Kerrie Woodhouse

Whimsical Watercolour


Where do you get your creative inspiration?

art tipsKerrie Woodhouse

Apparently if you ask Neil Gaiman where ideas come from he might just say something like, "a little shop near Bognor Regis". For inspired creatives who produce consistently it seems to be something of a tiresome question. Hmm, must be hard for them. But what do us lesser mortals do?

Well, as far as I can see, the difference between consistent creative producers and those of us asking these sorts of questions is that the producers have figured out how to 'show up'. 


You see it’s a bit like that witty comeback. You think of the best one liner - somewhere between a few hours and a few days later, don't you? You had to have the snarky encounter and then give your brain a bit of time to work on a suitable response. Same with writing, same with painting, or any creative work for that matter.  It’s only when you engage yourself in the physical act of doing the creating that the wheels start turning.

Don't have great expectations of that first effort or two, however. Remember your comeback line? The first thing your brain came up with on the spot was probably something close to, "I know you are, but what am I?" Then, instantly recognising that some improvement was possible, your brain kept grinding away churning out pithy alternatives until, at last - perfection! (Too late of course, but a perfect reply, nonetheless.) 

So the trick is to create. Want inspiration and ideas? Show up.

That's when you get inspired. And also improve your skills, problem solve, not to mention just plain old enjoying the process of creating. Writing, drawing, basket weaving - doesn’t matter. It applies across them all. Begin the process. Enjoy the process. Let the product begin its evolution into something better and better.



You see, it’s science. There's this thing called the Reticular Activating System in your brain. It sets out collecting bits of data from your world that match whatever it thinks you are looking for. If it is a witty comeback line then all of a sudden snippets of eavesdropped conversation, Seinfeld reruns and newspaper letters to the editor all seem to appear with some relevant insights, feeding into your creative problem solving machinery.

So it is with any other creation. The difference between composing a witty retort and writing a novel or painting a picture is simply a matter of scale.

But back to that question regarding the source of inspiration for a moment. The answer is you. Your world and everything you experience. Anything that touches your heart in any way.

You swim in a sea of inspiration. In fact, there is so much of it that you can't see the wood for the trees. Only when you begin - something - anything, do you give the Reticular Activating System its command to seek. Then like a bloodhound on a scent trail it is off, filtering and collecting salient pieces of your world to inspire your creation.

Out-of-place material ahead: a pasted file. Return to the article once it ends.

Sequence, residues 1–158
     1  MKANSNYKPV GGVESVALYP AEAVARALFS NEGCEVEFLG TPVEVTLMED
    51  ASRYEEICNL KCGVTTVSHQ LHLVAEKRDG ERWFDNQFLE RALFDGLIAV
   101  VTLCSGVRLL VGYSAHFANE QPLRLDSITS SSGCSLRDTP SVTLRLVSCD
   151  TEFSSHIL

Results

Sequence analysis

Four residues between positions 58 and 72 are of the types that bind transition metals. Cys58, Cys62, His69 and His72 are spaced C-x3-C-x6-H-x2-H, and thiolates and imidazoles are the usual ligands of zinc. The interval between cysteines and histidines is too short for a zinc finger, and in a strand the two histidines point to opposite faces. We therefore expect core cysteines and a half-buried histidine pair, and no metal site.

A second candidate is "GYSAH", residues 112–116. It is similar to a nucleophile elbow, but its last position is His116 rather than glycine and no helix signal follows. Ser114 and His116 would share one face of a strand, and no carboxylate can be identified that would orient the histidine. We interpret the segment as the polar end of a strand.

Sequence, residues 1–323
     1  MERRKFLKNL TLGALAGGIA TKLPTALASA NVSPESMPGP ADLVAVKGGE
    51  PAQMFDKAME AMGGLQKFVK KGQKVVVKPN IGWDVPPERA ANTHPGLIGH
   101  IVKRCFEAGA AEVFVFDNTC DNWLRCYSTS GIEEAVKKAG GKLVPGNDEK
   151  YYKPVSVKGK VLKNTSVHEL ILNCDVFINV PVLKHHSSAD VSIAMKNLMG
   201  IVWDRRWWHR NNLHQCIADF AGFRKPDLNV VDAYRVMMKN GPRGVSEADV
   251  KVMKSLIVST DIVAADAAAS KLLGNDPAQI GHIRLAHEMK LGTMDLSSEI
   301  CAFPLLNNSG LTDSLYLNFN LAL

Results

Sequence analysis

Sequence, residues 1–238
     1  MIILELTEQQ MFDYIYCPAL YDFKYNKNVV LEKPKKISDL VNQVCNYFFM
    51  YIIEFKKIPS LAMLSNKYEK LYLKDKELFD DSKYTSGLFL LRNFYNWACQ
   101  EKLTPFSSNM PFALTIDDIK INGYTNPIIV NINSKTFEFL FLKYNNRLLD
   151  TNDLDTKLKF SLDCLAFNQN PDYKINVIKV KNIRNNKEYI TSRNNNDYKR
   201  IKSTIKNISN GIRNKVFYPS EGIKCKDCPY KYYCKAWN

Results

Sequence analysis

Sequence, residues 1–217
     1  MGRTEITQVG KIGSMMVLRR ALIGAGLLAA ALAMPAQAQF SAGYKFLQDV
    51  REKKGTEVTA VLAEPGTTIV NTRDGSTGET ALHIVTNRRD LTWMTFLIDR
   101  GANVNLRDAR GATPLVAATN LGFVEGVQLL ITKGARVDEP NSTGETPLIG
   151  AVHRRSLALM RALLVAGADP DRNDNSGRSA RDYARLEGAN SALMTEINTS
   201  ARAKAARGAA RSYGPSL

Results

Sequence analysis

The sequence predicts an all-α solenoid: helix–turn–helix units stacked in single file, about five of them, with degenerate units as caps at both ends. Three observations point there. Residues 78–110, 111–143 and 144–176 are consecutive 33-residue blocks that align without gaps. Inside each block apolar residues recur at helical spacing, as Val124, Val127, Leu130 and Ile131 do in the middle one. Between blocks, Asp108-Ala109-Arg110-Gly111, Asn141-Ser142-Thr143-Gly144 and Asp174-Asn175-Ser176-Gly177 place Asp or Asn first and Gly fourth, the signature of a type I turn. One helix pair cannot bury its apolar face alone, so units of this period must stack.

Now, I'm not saying showing up is easy. But it is better to have a more practical step to take as opposed to waiting for some sort of mystical holy grail of ideas to be revealed. 

There are pitfalls, like of course, that inner critic poised to speak out as soon as creation begins, if not before. But whatever form your creative work takes, your job is to get started.

Put pen to blank page, apply fingertips to keyboard, clay to the wheel. Dip your brush in the paint and get it moving.


Over the years I have come up with a process to prime myself for any studio time. (I have inventively named this My Prime Process.) It is the best way I know of helping me to Show Up. It addresses nearly all my objections and gets me working. I do it first, before I start painting anything else or even writing. But I have also found that it serves so many other purposes.

Find your way to get started.

Then do it.

You never know where it might get you.

Looking for more tips about showing up in your art practice? I have an online class that’s got you covered - click here to find out more about it.


9 Favourite quotations about friendship

Self DevelopmentKerrie Woodhouse

Today, two flower faces appeared on the page. They seem to understand each other. They remind me to pause and reflect on the value of those things that make our lives worthwhile. Always, these are things that are without price. Like friendship.

Because of these two little flowers I have been musing on friendship today. I would like to share 9 of my favourite quotations about friendship...

  • "One loyal friend is worth ten thousand relatives." Euripides
  • "Walking with a friend in the dark is better than walking alone in the light". Helen Keller
  • "Friendship... is not something you learn in school. But if you haven't learned the meaning of friendship, you really haven't learned anything." Muhammad Ali